Micro CT surface rendered (A) and 2D section (B–G) images of the basal part of arm (7–13th arm segments) of Asteronyx loveni (NSMT E-5638). A basal lateral view. Section planes of figures B–G are shown by dotted tetragons B vertical longitudinal section, adradial side of the arm C, D horizontal longitudinal section, aboral view C is set on more aboral side than D horizontal longitudinal section, oral view E–G transverse vertical sections from basal (E) to distal (G) arm, basal view. Vertebrae, lateral arm plates, arm spines and muscles are colored red, blue, yellow and purple, respectively. Red and blue arrow heads (B–G) indicate radial nerve canals and radial water canals, respectively. Arrows indicate the orientations (ab, aboral; ba, basal; dis, distal; or, oral). Abbreviations: E, epidermis; EO, external ossicle.

Isolated vertebra (NSMT E5638). Moderate resolution (4.5 µm) images are obtained for the isolated vertebra (Fig. 6B–O, Suppl. material 3). Stereom structure is clearly observed in surface rendered images (Fig. 6B). The resolution of the surface rendered images is equivalent to that of SEM images (Fig. 6A). Detailed morphology of radial nerve canals and radial water canals are observed (Fig. 6D–O). A pair of radial water canals opened into the basal part of the oral groove of the vertebra (Fig. 6C; Suppl. material 3), and a radial water canal connected to a depression for tube feet opens on the oral lateral side of the vertebra (Fig. 6D–I). A pair of radial nerve canals opens in a distal position to the oral groove of the vertebra (Fig. 6C). The radial nerve canals extend to the distal side and dead-ended inside the vertebra (Fig. 6K–O).

Figure 6. 

SEM (A), µCT surface rendering (B, C) and 2D section (D–O) images of the isolated vertebral ossicles of Asteronyx loveni (NSMT E-5638). A, B basal view, arrow heads indicate oral groove C oral view D–O transverse vertical sections from basal (D) to distal (O) arm, basal view. Arrow heads indicate radial water canals (D–I) and radial nerve canals (K–O). Arrows indicate the orientations (ab, aboral; ba, basal; dis, distal; or, oral). Abbreviations: RNC, pore of radial nerve canal; RWC, pore of radial water canal.


In the present study, the shapes, numbers, and arrangement of various ossicles of Asteronyx loveni were successfully observed by µCT (Figs 1H, 2D, 3, 4B and 5; Suppl. materials 1, 2). The shape, size and arrangement of external ossicles were recently employed as species-level diagnostic characters for euryalids (e.g., Okanishi and Fujita 2009; Okanishi and Fujita 2011), however to examine these characters, once ossicles were extracted by bleaching, their positional relationships to each other could not be obtained. These characteristics of external ossicles were simultaneously observed by µCT without the need to extract them destructively (Fig. 1E, H). Their shape was circular, the size differed depending on the position in the disc, and they were slightly separated from one another (Fig. 1G, H).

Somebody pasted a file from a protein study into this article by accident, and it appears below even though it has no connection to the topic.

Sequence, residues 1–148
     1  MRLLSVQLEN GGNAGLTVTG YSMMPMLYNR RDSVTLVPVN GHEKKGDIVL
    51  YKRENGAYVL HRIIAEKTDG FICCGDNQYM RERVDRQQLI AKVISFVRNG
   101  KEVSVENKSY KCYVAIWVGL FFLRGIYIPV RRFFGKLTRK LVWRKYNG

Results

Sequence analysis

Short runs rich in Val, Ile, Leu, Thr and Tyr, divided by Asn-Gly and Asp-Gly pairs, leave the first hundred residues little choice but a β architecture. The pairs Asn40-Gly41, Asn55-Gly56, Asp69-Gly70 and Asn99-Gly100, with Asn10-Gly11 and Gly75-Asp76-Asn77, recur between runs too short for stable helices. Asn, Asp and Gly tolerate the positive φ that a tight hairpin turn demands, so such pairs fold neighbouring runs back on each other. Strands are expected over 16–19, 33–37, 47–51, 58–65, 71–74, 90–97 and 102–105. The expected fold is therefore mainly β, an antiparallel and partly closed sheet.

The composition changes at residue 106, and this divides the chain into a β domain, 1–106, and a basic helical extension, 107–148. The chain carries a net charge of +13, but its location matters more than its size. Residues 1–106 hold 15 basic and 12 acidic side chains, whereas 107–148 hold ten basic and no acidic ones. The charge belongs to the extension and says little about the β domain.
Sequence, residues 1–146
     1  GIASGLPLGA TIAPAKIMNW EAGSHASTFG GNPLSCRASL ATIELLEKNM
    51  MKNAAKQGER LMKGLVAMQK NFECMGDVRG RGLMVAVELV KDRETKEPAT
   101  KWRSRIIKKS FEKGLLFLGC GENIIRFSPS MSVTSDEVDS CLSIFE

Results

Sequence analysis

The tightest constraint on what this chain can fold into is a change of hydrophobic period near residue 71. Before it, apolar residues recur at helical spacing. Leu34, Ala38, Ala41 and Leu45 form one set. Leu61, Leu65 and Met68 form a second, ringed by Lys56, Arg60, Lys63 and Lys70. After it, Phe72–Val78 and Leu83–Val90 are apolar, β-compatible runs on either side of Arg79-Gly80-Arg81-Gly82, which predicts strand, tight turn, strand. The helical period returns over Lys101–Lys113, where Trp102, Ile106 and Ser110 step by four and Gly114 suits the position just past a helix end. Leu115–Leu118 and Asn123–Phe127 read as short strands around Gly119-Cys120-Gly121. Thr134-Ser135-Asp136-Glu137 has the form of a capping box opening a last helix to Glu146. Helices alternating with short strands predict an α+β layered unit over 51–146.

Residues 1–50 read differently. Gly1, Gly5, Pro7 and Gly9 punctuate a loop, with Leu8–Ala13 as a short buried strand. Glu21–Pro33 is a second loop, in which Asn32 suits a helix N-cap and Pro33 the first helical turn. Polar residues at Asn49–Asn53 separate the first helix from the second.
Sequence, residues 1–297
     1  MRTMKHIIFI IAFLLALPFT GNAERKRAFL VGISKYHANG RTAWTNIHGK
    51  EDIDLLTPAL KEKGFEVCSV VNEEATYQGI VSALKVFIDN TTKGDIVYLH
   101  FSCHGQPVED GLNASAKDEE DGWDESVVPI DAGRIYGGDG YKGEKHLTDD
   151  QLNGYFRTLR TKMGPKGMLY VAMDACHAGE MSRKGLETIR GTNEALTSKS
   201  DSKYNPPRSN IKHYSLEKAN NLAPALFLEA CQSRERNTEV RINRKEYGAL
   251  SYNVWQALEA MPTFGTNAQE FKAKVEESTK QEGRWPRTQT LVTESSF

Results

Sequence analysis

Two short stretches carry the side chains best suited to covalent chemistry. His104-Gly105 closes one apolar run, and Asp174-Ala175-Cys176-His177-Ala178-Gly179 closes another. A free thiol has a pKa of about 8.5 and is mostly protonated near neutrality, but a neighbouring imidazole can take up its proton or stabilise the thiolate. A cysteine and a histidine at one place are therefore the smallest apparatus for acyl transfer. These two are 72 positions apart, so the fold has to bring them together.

Presence of adoral shields is an important diagnostic character of the genus Asteronyx (Stöhr 2005). Adoral shields of Asteronyx were observed by dissolving the surrounding skin in previous studies (e.g., Mortensen 1912; Stöhr 2005), but they were clearly observed non-destructively in this study (Fig. 2B, D; Suppl. material 1). Two types of ossicle components of radial shields have been known for Euryalida. Astrocharidae has monolayer radial shields and the other families have multilayer radial shields (Okanishi et al. 2011). These shield characters had not previously been recognized without removing the skin with external ossicles of the disc (e.g., Okanishi and Fujita 2009; Stöhr 2011). In this study, µCT observation clearly showed that Asteronyx loveni has multilayer radial shields and one radial shield is composed of at least eight plates (Fig. 1H).

Moreover, shapes and 3D positional relationships of radial shields, adradial and abradial genital plates, and the shapes and number of peristomial plates were also successfully observed (Figs 1F; 2A, B). These characters have been considered important for the identification of (sub)orders of Ophiuroidea (e.g., Matsumoto 1917; Smith et al. 1995), but they have been examined for only a very small number of species, and only by destructive dissection. Additional small plates between the peristomial plates were here observed for the first time in Ophiuroidea (Fig. 1F). The above taxonomically important characters of the ossicles have not been confirmed for many type specimens of Ophiuroidea but this study showed they can be easily observed by µCT scanning. This study has shown that µCT is a powerful tool for species- to order-level taxonomy in Ophiuroidea as Ziegler (2012) suggested. Considering that specimens remain non-dissected following µCT observations (Figs 1A, D, G; 2A, C, E; 4A; 6A), this tool is ideal for observing type specimens.